I don't usually finish books I don't like, but somehow I persevered with this one. It wasn't the most painful read, and I guess I wanted to know what happened, despite my not being invested in any of the characters. I think O'Neill was going for a YA Handmaid's Tale, which I also didn't care for, so maybe it's me. Or maybe it's a generational thing, with O'Neill appealing to a millennial readership when I'm a fusty GenXer.
Anyway, the premise is that in this world, girls are raised to be wives or concubines, with a rare few serving instead as support for the girls. At 17 they are either chosen by one of the boys born the same year the girls were hatched, or they become sex slaves, which it turns out could be preferable to marrying most of the guys. The girls are designed to be beautiful, and spend most of their time exercising and learning to be even more beautiful. You can imagine what being in constant competition and not being taught to read might do to teenager girls. It's not...pretty.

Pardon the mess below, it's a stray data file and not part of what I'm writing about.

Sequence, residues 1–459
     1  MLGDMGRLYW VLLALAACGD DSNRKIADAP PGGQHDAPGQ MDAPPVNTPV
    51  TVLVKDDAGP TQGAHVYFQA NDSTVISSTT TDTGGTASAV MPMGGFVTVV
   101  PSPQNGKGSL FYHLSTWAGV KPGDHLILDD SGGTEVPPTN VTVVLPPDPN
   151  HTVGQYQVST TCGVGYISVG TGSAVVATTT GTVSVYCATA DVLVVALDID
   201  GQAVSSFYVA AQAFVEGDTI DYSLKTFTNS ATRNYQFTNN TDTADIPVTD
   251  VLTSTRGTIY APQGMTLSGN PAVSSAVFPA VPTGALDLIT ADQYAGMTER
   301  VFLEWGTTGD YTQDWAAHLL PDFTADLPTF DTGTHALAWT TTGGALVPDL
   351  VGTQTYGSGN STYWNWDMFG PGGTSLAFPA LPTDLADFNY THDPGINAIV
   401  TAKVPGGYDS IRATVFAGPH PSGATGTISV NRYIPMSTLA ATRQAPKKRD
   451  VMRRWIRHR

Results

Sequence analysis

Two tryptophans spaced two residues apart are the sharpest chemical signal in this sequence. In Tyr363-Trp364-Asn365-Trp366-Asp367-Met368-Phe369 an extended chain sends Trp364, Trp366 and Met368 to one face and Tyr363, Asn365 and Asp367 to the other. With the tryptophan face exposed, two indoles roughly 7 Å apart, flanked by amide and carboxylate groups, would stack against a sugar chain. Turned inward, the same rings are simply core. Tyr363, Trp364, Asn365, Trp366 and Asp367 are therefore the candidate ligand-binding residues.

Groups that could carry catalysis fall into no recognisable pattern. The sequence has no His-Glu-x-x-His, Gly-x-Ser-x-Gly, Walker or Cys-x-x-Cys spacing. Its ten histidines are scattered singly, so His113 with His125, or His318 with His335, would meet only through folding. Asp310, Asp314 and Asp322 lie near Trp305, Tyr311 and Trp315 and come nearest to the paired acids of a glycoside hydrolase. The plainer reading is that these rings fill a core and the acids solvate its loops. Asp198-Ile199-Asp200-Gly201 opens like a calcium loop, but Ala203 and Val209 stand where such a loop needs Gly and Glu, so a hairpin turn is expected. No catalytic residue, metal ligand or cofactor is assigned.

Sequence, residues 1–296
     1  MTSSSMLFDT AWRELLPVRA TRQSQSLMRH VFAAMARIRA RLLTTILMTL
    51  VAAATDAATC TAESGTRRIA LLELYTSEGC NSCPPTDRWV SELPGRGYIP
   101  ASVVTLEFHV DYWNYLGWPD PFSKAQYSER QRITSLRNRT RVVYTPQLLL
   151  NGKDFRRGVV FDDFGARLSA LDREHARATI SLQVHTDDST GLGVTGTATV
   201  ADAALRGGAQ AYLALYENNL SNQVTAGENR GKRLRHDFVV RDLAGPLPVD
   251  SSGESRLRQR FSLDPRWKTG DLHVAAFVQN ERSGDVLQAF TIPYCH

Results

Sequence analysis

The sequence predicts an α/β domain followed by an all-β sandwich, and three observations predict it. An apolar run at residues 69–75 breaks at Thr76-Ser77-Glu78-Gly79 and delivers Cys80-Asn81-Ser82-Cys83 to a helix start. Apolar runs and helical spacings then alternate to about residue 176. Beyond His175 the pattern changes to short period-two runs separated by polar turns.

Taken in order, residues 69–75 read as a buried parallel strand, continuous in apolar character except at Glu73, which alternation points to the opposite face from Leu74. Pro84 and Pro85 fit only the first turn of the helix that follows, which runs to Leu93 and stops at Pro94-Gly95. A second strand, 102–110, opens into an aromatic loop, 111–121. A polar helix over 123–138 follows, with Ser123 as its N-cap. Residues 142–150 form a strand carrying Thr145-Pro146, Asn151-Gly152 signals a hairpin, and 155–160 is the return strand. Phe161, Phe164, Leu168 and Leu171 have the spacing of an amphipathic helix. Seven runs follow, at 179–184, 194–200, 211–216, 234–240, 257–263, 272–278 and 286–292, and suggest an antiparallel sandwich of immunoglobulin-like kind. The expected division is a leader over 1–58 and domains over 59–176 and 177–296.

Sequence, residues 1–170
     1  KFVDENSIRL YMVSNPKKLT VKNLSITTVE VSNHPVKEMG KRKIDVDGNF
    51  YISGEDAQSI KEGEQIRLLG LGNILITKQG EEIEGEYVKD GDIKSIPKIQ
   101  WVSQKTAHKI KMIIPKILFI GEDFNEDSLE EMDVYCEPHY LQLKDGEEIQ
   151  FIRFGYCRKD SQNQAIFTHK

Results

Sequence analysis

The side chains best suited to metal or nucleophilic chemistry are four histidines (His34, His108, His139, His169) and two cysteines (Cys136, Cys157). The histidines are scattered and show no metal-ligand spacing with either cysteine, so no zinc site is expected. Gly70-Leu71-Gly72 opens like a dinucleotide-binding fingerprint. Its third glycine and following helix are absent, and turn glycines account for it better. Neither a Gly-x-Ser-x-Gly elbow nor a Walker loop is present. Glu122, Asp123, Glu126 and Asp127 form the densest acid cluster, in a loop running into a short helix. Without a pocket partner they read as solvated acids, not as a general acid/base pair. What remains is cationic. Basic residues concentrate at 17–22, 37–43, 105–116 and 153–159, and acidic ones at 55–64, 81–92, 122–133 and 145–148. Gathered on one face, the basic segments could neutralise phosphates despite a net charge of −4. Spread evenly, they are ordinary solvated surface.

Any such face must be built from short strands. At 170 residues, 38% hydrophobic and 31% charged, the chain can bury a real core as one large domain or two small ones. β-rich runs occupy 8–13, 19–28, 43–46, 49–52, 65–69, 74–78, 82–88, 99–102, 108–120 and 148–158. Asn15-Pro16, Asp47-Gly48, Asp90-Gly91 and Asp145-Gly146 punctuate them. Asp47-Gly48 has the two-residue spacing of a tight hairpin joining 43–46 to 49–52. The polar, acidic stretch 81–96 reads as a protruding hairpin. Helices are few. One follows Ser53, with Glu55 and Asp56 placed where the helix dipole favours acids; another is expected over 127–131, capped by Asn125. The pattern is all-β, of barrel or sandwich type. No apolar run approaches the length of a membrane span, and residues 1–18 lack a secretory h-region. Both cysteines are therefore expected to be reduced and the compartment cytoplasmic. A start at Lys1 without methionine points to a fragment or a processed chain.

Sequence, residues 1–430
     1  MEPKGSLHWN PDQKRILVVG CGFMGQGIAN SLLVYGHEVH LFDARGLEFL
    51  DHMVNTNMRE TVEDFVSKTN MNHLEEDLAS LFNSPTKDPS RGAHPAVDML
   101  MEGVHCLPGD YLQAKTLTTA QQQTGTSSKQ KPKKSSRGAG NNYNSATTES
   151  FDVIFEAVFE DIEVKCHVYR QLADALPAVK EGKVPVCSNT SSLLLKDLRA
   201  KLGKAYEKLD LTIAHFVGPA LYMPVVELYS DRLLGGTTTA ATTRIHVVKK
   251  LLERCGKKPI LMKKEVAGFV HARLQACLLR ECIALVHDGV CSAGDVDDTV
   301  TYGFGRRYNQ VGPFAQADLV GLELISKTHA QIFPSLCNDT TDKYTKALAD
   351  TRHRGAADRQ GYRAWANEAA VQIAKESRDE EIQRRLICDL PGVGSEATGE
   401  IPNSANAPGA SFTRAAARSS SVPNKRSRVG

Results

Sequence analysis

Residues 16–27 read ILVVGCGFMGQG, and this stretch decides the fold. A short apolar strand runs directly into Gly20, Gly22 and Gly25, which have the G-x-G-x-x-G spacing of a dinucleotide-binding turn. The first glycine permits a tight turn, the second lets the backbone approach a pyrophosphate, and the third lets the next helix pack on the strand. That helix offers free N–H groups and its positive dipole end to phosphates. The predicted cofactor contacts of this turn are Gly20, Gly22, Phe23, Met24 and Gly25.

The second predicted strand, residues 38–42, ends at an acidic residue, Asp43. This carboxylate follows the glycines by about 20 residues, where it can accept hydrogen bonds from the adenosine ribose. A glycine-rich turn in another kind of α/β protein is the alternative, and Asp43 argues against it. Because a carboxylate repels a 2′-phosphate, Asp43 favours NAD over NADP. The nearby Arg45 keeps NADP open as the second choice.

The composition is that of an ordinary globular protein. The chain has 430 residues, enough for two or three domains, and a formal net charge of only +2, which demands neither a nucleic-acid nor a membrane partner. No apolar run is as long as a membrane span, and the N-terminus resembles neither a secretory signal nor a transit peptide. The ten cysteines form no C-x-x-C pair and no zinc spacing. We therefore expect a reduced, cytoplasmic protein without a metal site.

There were a few themes O'Neill hints at but doesn't really explore, like lesbianism and racial beauty standards, that I'd like to have seen throughout the novel in a more meaningful way.